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House Appropriates $23.5 Billion 7(a) Program for 2016

By Charles H. Green

Let the good times roll? The SBA’s flagship 7(a) program’s loan approval is climbing steeply this year on a monthly basis, and is on track to break all prevous lending records. As of the end of May, the agency had already approved $13.47 billion of guaranteed loans, more than $2 billion ahead of the same YTD point in FY 2014. In fact, this sum is more than the total SBA 7(a) volumes for the entire program years in 2008, 2009 and 2010.

The House Appropriations Committee passed a funding bill that was approved last week SBA 7(a) Loan Guarantee Programby a 30-20 vote, which provides $853 million for the SBA’s operating budget, and raises the authorization 7(a) loan program to $23.5 billion next year. That represents a significant jump of 25% over FY 2015’s authorized level of $18.75 billion. This sum is the gross volume, including the lender’s non-guaranteed portion as well, and 7(a) loan defaults are entirely funded by program fees charged to borrower and lending, while no taxpayer subsidies are needed.

The bill also authorized $7.5 billion in 504 loans in FY 2016, a level far above the current volume, which may be interpreted that there is expectation that the refinance privileges will be restored before the beginning of the next fiscal year. Loans under the 504/CDC program are primarily used to finance owner-occupied commercial real estate, and have lagged in FY 2013, 14 & 15 after a brief period (FY 2012-13) where commercial real estate could be refinanced with program dollars. At the end of May, the program had been used for $2.71 billion YTD, only the second month this year that its volume had exceeded the aggregate sum lent YTD in 2014.

This legislation will be considered by the full House in the coming weeks, and must be  reconciled with the corresponding appropriations bill is passed by the Senate before it’ s enacted.

What do you think? Comment on this page or write me at Director@SBFI.org.

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Grexit–Two Sides to the Coin

By Amaresh Gautam

Unless you’ve been in solitary confinement for the past seven years, it’s been hard to avoid at least the headlines about the financial turmoil in Greece, and the 2010 bailout required by European Union states (EU), the European Central Bank (ECB) and the International Monetary Fund (IMF), aka the ‘Troika.’ Today this story continues like a tragedy Greece is known for, with the Greek economy in shambles, largely due to the draconian measures demanded by creditors in exchange for the two separate bailout rounds.

To complicate matters more, in early 2015 the government changed control to factions Drachmademanding an end to the severe budget austerity that has left the country with more than a 30 percent unemployment rate. While the government is operating on a small surplus before debt payments, the new coalition has demanded to renegotiate repayment terms in order to provide moe local funding to restart economic growth without all the painful effects on the economy that the country has suffered under to date.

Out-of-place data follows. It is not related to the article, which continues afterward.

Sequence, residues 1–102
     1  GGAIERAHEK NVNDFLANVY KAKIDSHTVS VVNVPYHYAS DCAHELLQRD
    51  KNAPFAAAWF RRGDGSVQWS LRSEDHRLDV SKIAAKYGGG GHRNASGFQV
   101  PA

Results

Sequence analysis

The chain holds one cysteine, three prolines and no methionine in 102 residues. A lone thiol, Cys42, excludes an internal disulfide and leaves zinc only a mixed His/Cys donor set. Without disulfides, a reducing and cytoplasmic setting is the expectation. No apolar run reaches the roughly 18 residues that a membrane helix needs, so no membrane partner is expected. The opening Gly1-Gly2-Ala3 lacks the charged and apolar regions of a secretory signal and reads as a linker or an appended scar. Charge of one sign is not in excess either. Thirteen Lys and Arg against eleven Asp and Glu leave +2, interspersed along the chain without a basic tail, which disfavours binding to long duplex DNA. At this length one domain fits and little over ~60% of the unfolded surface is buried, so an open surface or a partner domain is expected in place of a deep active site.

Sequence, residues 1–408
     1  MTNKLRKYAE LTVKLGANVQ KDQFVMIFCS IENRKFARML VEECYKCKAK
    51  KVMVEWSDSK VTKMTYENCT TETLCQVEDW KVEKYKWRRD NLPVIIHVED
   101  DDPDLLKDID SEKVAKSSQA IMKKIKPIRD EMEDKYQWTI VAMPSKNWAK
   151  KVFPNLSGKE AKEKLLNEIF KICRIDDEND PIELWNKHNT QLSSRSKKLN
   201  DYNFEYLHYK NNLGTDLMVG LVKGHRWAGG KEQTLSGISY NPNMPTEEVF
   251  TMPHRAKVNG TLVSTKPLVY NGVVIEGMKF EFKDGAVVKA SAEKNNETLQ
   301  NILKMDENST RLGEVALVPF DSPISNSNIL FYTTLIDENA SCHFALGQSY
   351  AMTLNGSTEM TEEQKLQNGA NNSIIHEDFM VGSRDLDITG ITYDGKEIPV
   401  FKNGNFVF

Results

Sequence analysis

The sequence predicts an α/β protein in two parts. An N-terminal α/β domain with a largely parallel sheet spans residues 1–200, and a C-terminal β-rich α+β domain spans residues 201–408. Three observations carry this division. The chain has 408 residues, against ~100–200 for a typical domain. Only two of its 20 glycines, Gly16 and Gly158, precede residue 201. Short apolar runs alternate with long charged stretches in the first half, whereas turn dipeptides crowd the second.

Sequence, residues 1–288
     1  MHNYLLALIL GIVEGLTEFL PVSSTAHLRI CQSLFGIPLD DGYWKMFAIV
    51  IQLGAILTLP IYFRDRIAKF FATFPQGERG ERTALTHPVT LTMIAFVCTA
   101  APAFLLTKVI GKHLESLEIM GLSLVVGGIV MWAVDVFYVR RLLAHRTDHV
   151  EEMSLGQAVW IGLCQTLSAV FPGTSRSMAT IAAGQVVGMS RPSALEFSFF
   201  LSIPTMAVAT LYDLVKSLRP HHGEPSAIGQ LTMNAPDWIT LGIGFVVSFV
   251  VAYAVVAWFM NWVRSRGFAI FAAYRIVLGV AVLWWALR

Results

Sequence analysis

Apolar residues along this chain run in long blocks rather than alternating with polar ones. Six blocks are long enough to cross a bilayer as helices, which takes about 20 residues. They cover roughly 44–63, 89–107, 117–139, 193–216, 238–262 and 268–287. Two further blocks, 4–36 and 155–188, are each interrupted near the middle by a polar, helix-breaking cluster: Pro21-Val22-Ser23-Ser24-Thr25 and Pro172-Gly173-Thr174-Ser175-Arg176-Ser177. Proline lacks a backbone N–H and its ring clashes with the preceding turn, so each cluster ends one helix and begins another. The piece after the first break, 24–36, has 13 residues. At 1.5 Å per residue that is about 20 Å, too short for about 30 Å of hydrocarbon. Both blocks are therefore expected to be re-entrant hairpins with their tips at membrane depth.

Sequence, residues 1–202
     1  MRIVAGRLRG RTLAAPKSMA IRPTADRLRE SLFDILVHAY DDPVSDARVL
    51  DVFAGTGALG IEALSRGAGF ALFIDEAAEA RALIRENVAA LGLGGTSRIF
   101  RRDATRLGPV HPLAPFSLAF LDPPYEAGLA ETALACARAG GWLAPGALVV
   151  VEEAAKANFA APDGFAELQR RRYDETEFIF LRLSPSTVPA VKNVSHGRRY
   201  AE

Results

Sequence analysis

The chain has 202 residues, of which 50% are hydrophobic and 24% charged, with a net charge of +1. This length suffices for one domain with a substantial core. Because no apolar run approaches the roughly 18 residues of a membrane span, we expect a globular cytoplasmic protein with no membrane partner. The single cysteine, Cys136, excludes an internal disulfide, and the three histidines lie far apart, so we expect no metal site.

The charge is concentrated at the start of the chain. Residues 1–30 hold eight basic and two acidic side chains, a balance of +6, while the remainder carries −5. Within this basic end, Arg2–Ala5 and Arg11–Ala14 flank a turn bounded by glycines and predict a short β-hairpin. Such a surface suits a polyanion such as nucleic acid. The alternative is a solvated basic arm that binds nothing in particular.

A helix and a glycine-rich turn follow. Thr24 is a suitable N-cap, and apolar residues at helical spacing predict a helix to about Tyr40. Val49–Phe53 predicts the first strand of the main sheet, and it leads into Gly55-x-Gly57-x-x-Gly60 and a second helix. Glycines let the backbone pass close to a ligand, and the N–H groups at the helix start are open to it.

But today, it looks more likely than ever that Greece will exit the Euro without a new deal with creditors, the possibility of which has been labeled the “Grexit.” Greece wants a third bailout on improved terms and conditions, and are refusing to accept continuation of the status quo. Greece accepted previous bailout packages with severe conditions that wound up making matters much worse than a debt default would have.

Hence the rise of the current government in Greece, which came into power by criticizing the bailout packages and their incumbent austerity. That explains why the current negotiations are getting extended and face a hard deadline of June 30th. It’s going to be much more difficult for the current administration to accept anything less than the demands they’ve made, which ushered them into office.

A default of the current interest payments due by the June 30 deadline would leave Greek banks shutoff from further support of the ECB, and in the short term, severe consequences in their economy. And, that severity could only be answered quickly by converting their economy back over to their original currency, the Drachma.

Why should commercial lenders care about Grexit?

On one hand, there are investors like Charlie Munger, who are critical of the bailout package that’s been granted to the Greeks. He compared Greece to a drunken brother, with whom you cannot do business. While it’s true that Greece got drunk on too much debt, so did many Americans just before the sub-prime crisis. And remember back then, the biggest argument for saving  American banks with taxpayer’s money was that ‘not saving them would have even been worse for the taxpayer (aka ‘too big too fail‘).’

It’s fair to point out here that much of the blame for the Greece economic fiasco lies with the aggressive lenders–principally German–who leveraged the Greek economy so highly, writing loans worth $43k per citizen for construction projects.

A Greek exit from the Euro would be a negative blow for the currency, which has fallen 30 percent in last 12 months against the dollar, and will slow American exports further. It can also have negative affects on the U.S. lending market as clients in manufacturing, exports and hospitality may suffer. Reason and politics often do not go hand in hand, and commercial lenders should prepare themselves for such a scenario (Grexit) that may be all the worse for everyone concerned.